ter came off, on the faint sickly breeze, and the sluggish fog banks crept along the dull clay-colored motionless surface of the tepid water.

The sea view was quite shut out-I looked all round and could discern no vestige of the entrance. Right ahead there was about a furlong of land cleared at the only spot which one could call a beach, that is, a hard shore of sand and pebbles. Had you tried to get aslıore at any otber point, your fate would have been that of the Master of Ravenswood; as fatal, that is, without the gentility; for you would have been suffocated in black mud, in place of clean sea-sand. There was a long shed in the centre of this cleared spot, covered in with boards, and thatched with palın leaves ; it was open below, a sort of capstan-house, where a vast quantity of sails, anchors, cordage, and most kinds of sea-stores were stowed, carefully covered over with tarpauling. Overhead there was a flooring laid along the couples of the roof, the whole length of the shed, forming a loft of nearly sixty feet long, divided by bulkheads into a variety ot apartments, lit by small rude windows in the thatch, where the crews of the vessels, I concluded, were occasionally lodged during the time they might be under repair. The boat was manned, and Obed took me ashore with him. We Janded near the shed I have described, beneath which we encountered about forty of the most uncouth and ferocious-looking rascals that my eyes had ever been blessed withal ; they were of every shade, from the woolly Negro and long-haired Indian, to the sallow American and fair Biscayan; and as they intermitted their various occupations of mending sails, fitting and stretching rigging, splicing ropes, making spun-yarn, coopering gun-carriages, grinding pikes and cuilasses, and filling cartridges, to look at me, then grinned and nodded to each other, and made sundry signs and gestures, which made me regret many a past peccadillo that in more prosperous times I little thought on or repented of, and I internally prayed that I might be prepared to die as become a man, for my fate appeared to be sealed. The only ray of hope that shot into my mind, through all this gloom, came from the respect the thieves, one and all, paid the captain ; and, as I had reaped the benefit of assuming an outward recklessness and daring which I really did not at heart possess, I screwed myself up to maintain the same port still, and swaggered along, jablering in my broken Spanish, right and left, and jesting even with the most infamous-looking scoundrels of the whole lot, while, God he knows, my heart was palpitating like a girl's when she is asked to be married. Obed led the way up a ladder joto the loft, where we found several messes at dinner, and passing through several rooms, in which a number of hammocks were slung, we at length arrived at the eastern end, which was boarded off into a room eighteer or twenty feet square, lighted by a small port-hole in the end, about ten feet from the ground. I could see several huts from the window, built just on the edge of the high wood, where some of the country people seemed to be moving about, and round which a large flock of pigs and twenty 10 thirty bullocks were grazing. All beyond, as far as the eye could reach, was one continuous forest, without any vestige of a living thing ; not even a thin wreath of blue smoke evinced the presence of a fellow-creature; I seemed to be helplessly cut off from all succor, and my heart again died within me.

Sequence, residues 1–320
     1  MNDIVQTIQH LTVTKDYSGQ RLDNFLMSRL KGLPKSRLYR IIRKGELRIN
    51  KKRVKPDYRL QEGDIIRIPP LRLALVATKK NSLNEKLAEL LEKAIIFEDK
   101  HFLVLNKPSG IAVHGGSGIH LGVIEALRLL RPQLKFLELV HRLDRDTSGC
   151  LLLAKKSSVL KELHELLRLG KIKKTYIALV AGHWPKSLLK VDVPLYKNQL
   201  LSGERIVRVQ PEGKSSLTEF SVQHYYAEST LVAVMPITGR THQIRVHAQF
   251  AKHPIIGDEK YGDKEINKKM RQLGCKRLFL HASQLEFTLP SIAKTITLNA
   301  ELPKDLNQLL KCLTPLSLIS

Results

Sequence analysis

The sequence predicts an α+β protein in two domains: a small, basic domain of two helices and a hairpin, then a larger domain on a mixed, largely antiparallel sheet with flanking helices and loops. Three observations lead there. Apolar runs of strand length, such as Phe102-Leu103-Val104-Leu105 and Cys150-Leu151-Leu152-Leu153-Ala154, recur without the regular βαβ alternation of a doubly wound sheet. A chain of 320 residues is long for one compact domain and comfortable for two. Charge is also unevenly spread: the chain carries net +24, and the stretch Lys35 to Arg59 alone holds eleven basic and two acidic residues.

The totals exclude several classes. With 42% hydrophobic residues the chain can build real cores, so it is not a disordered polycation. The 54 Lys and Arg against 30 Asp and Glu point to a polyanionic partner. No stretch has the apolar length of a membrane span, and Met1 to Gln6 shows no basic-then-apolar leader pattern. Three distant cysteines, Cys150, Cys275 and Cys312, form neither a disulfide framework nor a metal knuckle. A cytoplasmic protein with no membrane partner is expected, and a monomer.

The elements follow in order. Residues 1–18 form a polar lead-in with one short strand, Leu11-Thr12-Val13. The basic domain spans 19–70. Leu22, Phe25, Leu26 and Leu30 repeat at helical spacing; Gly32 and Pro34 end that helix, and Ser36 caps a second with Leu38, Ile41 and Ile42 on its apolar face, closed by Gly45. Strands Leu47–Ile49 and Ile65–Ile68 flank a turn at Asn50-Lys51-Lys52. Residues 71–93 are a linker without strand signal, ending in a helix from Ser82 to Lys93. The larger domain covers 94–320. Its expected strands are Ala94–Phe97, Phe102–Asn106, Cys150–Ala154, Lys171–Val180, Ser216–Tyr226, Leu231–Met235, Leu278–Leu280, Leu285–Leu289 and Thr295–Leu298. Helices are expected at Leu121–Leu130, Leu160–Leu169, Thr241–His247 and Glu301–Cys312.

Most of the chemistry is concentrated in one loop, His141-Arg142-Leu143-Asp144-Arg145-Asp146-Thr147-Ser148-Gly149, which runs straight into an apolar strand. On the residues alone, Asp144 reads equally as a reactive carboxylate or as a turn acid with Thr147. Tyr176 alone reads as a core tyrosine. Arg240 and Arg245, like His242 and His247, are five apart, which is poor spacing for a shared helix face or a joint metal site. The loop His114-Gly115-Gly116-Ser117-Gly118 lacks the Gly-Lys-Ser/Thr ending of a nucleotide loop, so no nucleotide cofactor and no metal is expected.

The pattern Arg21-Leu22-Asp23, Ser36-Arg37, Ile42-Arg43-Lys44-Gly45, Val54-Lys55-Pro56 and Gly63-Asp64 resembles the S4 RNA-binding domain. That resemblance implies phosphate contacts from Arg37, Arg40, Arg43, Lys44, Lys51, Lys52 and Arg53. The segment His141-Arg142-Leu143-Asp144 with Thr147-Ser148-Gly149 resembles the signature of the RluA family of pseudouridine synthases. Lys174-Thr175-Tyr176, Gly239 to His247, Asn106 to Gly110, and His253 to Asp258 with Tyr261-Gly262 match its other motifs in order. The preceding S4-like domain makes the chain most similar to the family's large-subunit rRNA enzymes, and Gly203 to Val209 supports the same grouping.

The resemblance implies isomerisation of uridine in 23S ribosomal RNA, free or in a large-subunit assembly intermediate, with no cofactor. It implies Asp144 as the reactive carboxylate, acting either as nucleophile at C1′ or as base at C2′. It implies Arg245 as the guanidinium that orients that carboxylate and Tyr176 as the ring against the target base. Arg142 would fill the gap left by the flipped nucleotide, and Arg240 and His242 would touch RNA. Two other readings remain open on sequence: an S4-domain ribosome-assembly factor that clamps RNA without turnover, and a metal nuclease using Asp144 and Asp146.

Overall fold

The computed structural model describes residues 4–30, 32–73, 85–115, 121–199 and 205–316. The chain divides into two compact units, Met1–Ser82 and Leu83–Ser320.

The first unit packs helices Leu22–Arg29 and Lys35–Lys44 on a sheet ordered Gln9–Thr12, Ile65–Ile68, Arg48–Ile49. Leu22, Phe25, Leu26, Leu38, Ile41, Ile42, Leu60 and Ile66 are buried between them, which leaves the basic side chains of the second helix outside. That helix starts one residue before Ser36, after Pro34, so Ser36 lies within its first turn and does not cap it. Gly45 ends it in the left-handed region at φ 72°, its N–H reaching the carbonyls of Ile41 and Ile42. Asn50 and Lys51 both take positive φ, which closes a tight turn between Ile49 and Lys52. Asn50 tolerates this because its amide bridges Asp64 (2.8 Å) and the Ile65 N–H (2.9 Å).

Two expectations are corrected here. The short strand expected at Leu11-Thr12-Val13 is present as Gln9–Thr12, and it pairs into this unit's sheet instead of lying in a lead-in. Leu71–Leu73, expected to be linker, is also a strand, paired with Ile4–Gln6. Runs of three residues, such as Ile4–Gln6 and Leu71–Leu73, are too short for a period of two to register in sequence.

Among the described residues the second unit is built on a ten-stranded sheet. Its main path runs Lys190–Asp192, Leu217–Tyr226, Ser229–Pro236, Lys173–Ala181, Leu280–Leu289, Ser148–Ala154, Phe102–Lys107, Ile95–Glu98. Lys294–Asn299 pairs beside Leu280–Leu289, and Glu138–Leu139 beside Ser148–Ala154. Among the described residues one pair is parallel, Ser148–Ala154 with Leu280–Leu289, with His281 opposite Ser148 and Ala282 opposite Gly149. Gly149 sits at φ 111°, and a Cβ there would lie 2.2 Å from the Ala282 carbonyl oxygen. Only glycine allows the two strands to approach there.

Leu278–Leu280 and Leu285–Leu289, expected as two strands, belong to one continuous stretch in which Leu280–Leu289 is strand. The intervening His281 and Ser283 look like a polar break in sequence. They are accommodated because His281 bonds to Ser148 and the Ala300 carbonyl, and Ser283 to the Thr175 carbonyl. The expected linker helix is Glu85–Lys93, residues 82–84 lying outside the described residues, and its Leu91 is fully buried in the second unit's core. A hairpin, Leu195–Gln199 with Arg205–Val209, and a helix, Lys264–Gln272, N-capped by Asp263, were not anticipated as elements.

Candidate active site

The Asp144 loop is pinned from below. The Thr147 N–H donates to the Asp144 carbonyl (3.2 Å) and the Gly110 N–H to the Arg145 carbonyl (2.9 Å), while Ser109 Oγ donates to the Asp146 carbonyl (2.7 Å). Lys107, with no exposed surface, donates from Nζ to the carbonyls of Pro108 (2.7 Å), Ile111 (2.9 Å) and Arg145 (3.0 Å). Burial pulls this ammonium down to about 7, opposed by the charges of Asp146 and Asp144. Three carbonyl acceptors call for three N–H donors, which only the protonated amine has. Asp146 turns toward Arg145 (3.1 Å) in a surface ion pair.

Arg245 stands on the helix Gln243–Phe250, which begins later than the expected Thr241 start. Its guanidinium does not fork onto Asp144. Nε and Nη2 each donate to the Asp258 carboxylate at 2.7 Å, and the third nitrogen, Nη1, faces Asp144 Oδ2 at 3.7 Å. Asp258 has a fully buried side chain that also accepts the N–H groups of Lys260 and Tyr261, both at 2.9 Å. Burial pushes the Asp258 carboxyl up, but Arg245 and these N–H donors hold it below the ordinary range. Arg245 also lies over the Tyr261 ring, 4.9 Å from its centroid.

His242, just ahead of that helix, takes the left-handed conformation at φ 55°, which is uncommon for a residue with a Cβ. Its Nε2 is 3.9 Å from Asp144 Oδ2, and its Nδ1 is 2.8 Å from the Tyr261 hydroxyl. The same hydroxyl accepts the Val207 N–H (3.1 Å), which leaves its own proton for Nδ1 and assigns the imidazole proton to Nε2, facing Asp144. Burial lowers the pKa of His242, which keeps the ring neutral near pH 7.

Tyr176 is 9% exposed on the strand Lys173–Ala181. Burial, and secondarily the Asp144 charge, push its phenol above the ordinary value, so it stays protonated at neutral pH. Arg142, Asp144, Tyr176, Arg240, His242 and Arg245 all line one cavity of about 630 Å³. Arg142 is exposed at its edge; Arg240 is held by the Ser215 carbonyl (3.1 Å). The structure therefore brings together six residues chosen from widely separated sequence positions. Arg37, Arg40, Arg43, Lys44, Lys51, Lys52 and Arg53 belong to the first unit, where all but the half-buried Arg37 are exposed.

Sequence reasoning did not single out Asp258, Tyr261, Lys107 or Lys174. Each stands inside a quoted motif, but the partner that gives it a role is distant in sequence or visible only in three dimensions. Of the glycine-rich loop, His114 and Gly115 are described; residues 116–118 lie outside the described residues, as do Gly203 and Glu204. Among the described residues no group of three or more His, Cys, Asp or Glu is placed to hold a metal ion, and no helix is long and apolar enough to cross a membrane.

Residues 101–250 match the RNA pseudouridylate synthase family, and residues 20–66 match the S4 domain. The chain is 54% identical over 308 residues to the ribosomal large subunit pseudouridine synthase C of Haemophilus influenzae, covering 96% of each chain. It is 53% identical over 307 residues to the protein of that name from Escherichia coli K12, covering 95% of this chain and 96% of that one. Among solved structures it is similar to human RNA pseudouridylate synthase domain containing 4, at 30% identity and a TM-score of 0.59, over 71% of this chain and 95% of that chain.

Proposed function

"I am sorry to say you must consider yourself a prisoner here for a few days,' said Obed.

I could only groan